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Thread: Audio for a church

  1. #1

    Default Audio for a church

    I have to come up with a wat to bring Audio from the sound board to the camera.. One option is to hard wire out lets the other is wireless.. what would be the best way and best quility.. to do so? All the sound mixing would be done on the board.. Would a wireless transmitter work? since its coming off the board and not from directly from a mic.. So basicly Mic > board > Transmitter > Camera mounted reciever..

    1) Is there a Wireless transmitter that has xlr inputs? If so what would you recomend?
    2) Is the quility going to be good?
    3) Price needs to be under $500 USD..
    4) Is there anything else needed besides the transmitter, reciever and the cable from the sound board to the transmitter?

    Thanks for any input

    Software Used:
    TGV Edius 6, TGV ProCoder 3, DVD Lab Pro. 2

  2. #2
    Join Date
    Mar 2005
    Blog Entries


    In my opinion... and it's just my opinion:

    I wouldn't go the wireless route, especially not a $500 wireless route. In your position I would either:

    (a) find some way to run a cable to the camcorder
    (b) buy a stand-alone recording device such as an Edirol R-09, a Zoom H2 or Marantz pmd660 (all under $500)
    (c) buy a cheap camcorder and have it next to the mixer, connected by cable.

    Wireless should be seen as the solution to a problem, which can't be solved with a cable. Nowadays there are so many transmitters around, ranging from bluetooth, to wlan to taxis, to... oh you get the idea, that the airwaves are crowded. Not all of these transmitters are the best quality and some spit out signals at all sorts of frequencies which can affect your wireless link. Cheaper wireless routes can also have weak links which can introduce clicks, hiss and unwanted sounds. Cable is stable, as I always say.

    If you've got a decent budget ( ie about $1k) then I would use the Sennheiser in-ear monitor system which has a rack-based transmitter and a receiver designed for the presenter to receive comms from the control room. Instead of plugging an earphone into the receiver, you plug it into the camcorder.

    Sennheiser | Evolution G2 Wireless 300 IEM | EW300IEMG2 - A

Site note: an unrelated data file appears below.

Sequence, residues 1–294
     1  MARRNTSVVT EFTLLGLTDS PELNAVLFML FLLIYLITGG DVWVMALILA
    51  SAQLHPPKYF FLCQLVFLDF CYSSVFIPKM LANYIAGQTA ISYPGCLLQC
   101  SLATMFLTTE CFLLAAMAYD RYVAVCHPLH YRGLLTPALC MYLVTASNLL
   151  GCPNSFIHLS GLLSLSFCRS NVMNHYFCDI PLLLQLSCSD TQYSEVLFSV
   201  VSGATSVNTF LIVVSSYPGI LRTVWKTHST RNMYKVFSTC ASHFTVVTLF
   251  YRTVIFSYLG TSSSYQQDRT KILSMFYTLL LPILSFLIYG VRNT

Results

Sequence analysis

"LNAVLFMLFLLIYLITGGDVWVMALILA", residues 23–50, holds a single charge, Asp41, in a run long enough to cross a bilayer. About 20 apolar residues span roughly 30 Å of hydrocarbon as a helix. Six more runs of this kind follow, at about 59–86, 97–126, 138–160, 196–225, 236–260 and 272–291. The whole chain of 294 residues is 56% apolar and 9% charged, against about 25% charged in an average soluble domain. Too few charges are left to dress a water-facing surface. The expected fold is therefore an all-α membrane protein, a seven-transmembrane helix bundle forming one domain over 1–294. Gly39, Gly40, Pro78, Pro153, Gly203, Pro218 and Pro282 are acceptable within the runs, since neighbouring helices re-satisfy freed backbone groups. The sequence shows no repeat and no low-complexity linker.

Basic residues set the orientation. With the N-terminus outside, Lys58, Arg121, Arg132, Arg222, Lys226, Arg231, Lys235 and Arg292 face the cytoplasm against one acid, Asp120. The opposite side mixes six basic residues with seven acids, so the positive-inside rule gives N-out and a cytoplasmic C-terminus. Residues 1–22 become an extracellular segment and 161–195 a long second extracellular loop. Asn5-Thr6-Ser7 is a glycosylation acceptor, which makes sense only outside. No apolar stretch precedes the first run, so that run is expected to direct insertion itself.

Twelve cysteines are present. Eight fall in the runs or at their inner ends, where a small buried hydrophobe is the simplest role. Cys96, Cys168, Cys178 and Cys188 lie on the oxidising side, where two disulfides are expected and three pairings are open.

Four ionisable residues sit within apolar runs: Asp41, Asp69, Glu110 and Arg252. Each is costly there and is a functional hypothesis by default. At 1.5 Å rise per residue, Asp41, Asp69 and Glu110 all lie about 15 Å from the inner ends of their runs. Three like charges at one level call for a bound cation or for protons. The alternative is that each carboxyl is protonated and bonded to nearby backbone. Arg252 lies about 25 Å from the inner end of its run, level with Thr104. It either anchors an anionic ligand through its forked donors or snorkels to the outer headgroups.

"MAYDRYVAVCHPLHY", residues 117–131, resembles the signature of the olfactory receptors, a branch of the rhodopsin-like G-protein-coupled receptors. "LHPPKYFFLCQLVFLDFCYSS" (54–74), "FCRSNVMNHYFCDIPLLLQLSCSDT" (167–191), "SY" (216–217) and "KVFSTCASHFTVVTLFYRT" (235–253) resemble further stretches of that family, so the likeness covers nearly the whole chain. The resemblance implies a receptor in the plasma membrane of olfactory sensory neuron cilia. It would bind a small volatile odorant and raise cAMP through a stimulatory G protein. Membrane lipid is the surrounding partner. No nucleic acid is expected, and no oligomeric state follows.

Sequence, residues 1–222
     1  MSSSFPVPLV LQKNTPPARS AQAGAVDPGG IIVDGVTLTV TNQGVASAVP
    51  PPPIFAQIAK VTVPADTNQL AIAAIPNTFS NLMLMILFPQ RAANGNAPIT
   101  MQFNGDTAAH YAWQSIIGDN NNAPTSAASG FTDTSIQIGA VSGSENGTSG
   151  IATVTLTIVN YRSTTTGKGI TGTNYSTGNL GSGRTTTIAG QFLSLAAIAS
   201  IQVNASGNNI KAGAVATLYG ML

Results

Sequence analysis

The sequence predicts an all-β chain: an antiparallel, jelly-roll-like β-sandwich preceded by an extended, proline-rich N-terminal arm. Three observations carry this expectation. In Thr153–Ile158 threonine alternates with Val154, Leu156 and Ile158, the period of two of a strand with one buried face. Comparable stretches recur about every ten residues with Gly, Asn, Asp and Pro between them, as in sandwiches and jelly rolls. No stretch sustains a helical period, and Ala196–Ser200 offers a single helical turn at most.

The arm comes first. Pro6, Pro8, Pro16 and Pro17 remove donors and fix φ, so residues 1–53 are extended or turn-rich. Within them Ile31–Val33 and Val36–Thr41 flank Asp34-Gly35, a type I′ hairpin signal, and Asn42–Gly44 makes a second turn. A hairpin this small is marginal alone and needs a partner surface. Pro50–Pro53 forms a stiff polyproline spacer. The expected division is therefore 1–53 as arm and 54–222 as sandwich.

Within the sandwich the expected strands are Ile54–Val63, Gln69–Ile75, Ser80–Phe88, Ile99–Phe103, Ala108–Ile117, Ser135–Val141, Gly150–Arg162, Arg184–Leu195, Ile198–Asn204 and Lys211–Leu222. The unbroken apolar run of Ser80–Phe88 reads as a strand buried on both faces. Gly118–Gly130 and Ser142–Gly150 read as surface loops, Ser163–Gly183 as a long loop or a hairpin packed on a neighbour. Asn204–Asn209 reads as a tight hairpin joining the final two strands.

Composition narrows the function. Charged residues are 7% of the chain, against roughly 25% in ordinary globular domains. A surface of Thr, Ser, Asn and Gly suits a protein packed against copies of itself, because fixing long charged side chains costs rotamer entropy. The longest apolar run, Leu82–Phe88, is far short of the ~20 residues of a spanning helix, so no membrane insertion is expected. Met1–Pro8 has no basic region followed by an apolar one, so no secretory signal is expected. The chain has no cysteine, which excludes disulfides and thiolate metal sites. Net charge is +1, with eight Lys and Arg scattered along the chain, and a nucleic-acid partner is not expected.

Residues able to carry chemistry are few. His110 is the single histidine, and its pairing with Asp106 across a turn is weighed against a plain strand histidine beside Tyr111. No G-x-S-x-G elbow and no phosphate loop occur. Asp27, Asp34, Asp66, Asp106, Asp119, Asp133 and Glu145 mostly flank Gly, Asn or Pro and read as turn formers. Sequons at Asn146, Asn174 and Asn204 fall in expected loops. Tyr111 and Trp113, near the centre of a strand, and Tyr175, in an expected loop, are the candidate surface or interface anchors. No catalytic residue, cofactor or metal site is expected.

3. #3


    Second that - avoid a wireless link if at all possible. Many transmitters will accept line level inputs to do what you want but non will be as good as a cable.
    Don't mess about with extra recorders - get a cable to the camera!

  4. #4


    there is an issue with taking a feed from the desk, and that is that the sound guy is mixing the sound to sound right in the sanctuary, not on the line feed!

    I do live sound for a church and I also make a recording on an Edirol solid state recorder every week for creating CDs, and it's taken me quite a while to get a satisfactory compromise (and short of a big digital desk with multiple layers) it is a compromise.

    The thing is that some things need more amplification than others. voices and instruments, for example, and getting a blend of a solo singer and a a piano to sound right 'live' will require quite some gain on the voice and almost none on the piano, to give a nice live balance, but if you iisten to a line out of the mix, the vocal will swamp the piano completely.

    I'm probably stating the obvious here, but it is one of those things that until you start to regularly mix live sound and try to record it, won't necessarily occur to you.

  5. #5


    Nothing obvious about it MOM. I work with experienced producers who don't have the first clue about recording live music for television.

    Even the simplest of performances can sound very unbalanced if not mixed for tv rather than just for front of house sound.

    The usual method is to take an active (isolated) split of all sources on the stage. Three or more feeds are derived from this - one for the front of house PA mix, another for the artists stage or IEM mix and yet another for the television mix. It is also usual for the tv sound super to have final say about how loud the PA system is - if it's too loud it will colour the tv mix so it gets turned down. Getting the artist to lower their monitor levels is a different story though!

    Of course all of this kit is time and money but explains why shows like the BBCs' 'Later With Jools' sound so good compared to you average home video of a performance.

    As a guide the last big tv music show I worked on had approx 12 sound engineers per episode!

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